Erick Sermon thought it would be a good idea to wear a vest one day. So did Masta Ace. So did Black Moon. When Black Moon did it, they decided to wear hockey jerseys underneath bubble vests and rock some ski goggles with ‘em. Method Man saw that and raised them some Nike armbands and black Nike receivers gloves. Nas decided to wear an Army jacket and BDU’s from the Army/Navy store over some Timbos.

The Jungle Brothers saw Nas, Black Moon and Smif N’ Wessun and raised them Ranger hats and lumberjack gear. Motherfuckers all over the country saw these videos on TV and these pictures in The Source and Rap Pages then took themselves to the mall. By the Winter of 1994 every asshole was wearing a Conart, GAT or Timberland skullie, a Triple Fat Goose or a Helly Hansen coat and looked like they were gonna go climb Mount Everest. In reality, all they were really gonna do was smoke some blunts and freestyle on the corner. I've seen some scary things in my life like dudes rocking doo rags under fitted caps and basketball jerseys over hoodies...what were we thinking?

I have pictures of myself in the 90’s and I look like a fuckin’ hood superhero with all that shit on. What was with all of those pockets on those vests? Even Batman didn’t have enough shit to put in all of those pockets! Grand Puba made me buy (okay...steal) all of those damn Girbaud jeans with those weird ass pockets that went straight across! Thank God I didn’t buy a bunch of Phillie Blunts and White Owl T shirts and those damn tie top A Hats like those other assholes.

Old Trend #6
“Alternative” Rap, it’s 75% less scary than original Rap!

The media was scared of Ice T, Ice Cube, 2Pac, Scarface, Above The Law and Public Enemy but they just LOVED P.M. Dawn and Arrested Development! The media became so enamored with them that it created a level of resentment between both groups and the “Hip Hop Nation” at large. KRS One “tossed” (I read the posts on, dammit!) Prince Be’s chunky beads and flowing robe of many colors rockin’ ass off the stage after some questionable statements he made in several different interviews about not only KRS but Public Enemy as well. Both P.M. Dawn and Arrested Development had big hits on the charts, their albums moved mad units but Hip Hop heads weren’t impressed...Too late! Record labels rushed out to find some “alternative” rap acts.

Labels rushed out to sign Divine Styler (his “Spiral Walls Containing Autumns Of Light” LP failed to make noise...who would’ve guessed?), they signed Kid Rock after he discovered a “new sound” (his “The Polyfuze Method” LP was considered straight up noise), they put out the Stereo MC’s songs in North America (“Elevate My Mind” and “Connected” were minor hits), Dream Warriors were imported from Canada ("My Definition" and "Wash Your Feet In My Sink" went over big on MTV) and Q Tip vocal doppleganger Justin Warfield dropped a full length (his album “My Field Trip To Planet 9”was certified Aluminum Foil by the RIAA a month later).

Labels weren’t discouraged yet, so they signed up The Diposable Heroes Of Hip Hopracy, The Hansoul Project, Urban Dance Squad, Skate Master Tate, Brotherhood Creed, MC 900 Ft Jesus and the super wack “Fraternity Of One” himself (pictured above), Me Phi Me. None of them made much noise and some of them got dropped before their albums ever even came out. By 1995, all of these groups were finished and forgotten about. Quick, name a song off of “Lucacentric” that WASN’T “Lucas With The Lid Off”. Quick!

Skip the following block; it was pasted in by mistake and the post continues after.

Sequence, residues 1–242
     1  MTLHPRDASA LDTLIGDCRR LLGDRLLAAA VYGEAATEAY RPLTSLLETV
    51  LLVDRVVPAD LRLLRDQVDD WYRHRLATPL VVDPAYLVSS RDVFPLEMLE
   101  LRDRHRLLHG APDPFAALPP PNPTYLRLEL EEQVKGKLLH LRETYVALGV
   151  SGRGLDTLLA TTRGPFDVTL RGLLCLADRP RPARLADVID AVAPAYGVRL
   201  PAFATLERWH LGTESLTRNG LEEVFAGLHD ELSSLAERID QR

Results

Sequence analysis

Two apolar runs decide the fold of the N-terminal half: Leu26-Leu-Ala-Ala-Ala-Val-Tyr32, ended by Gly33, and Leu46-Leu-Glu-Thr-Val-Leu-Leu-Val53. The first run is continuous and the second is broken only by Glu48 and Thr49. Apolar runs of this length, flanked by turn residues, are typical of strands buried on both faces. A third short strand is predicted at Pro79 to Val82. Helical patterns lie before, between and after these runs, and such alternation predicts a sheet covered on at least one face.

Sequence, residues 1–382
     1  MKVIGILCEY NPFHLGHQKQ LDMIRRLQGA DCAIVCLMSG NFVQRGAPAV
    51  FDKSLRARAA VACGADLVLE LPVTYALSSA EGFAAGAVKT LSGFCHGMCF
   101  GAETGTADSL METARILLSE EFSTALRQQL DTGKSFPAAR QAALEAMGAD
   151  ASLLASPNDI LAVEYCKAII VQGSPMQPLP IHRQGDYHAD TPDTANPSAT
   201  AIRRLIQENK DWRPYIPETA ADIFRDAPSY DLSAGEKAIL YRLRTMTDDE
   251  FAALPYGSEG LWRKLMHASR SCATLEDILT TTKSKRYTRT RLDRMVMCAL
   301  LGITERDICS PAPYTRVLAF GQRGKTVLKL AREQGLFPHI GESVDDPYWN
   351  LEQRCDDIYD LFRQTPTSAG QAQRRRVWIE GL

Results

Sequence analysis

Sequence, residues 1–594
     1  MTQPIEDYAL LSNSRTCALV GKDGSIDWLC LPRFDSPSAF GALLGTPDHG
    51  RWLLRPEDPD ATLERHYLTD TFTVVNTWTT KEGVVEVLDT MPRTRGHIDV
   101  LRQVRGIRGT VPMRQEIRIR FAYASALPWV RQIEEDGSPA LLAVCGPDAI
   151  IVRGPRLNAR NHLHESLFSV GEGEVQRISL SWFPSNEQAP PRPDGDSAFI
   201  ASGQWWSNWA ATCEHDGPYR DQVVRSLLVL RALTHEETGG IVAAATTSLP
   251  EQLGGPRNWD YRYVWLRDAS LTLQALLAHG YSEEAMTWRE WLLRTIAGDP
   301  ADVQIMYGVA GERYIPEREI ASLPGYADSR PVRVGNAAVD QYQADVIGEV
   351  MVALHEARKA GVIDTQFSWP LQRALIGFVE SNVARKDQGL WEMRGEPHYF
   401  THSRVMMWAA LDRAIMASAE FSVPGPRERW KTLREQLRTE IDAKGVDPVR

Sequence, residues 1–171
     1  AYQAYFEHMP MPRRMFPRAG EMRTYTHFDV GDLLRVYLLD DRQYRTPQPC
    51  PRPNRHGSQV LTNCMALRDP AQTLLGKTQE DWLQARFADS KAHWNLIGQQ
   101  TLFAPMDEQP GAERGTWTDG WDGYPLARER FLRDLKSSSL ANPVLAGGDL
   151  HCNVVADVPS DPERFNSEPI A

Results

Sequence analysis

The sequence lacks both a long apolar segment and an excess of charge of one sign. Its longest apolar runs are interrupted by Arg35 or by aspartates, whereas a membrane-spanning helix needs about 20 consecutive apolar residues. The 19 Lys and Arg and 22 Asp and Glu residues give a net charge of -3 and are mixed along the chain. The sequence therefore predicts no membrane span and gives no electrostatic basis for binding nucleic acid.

Everything I didn't mention was already previously covered by my esteemed colleague Animal Mother on his blog And It's Still All Good. Read those classic entries here:


Tuesday, January 22, 2008

Never No More AKA Old Trends In Hip Hop That’ll Never Come Back...I Hope

A lot of us oldheads in hip hop (and many of us that have blogs) tend to idealize the past 10 or 12 years in hip hop history. Even though there was a great amount of classic material made and released between 1991-1997, there were a lot of wack copycat groups, lame trends and other things of that nature that could fly only in that era. I’ll list three of them here in this following blog:

Old Trend #1
Group overdubs, group chants and punch-ins in unison on tracks:

No more of those rehearsed team chants, improvised sound effects or random interjections being hollered over the track anymore. Sometimes it sounded fly, other times it sounded like a high school spirit squad just got a damn record deal. We heard this style used regularly from 1991-1994 by groups such as Fu-Schnickens, Leaders Of The New School (pictured below), The UMC’s, Original Flavor, etc.

Never again will four dudes cram themselves together in the vocal booth to scream something borderline gay or cornball like “Sha Na Na!!!”, “Shboom! Shboom!” or “Wopbabaloobop!” There will never again be a rapper like Ski of Original Flavor, whose entire style consisted of him repeating popular phrases and making random sound effects like scratching noises. The last group that actually pulled this off and made it sound fly was The Arsonists (pictured below)...after they broke up that style was officially dead and buried.

Old Trend #2
Flippin’ your tongue:

After Das Efx (pictured above) came out with the “iggity” style and sold a shitload of records, it seemed that everybody and their mother decided it would be a good idea to bite it (even though Kool Ass Fashion of The Beatnuts (“Third Of The Trio” off of the Intoxicated Demons EP) and the UK ‘s Demon Boyz suggest that Das Efx jacked their styles) and run with it. Tung Twista and Daddy Freddy also jumped on the scene and took the whole fast rapping/tongue twisting rap era to another level of ridiculousness. The end result? Verses in 1992 and 1993 would go sorta like this: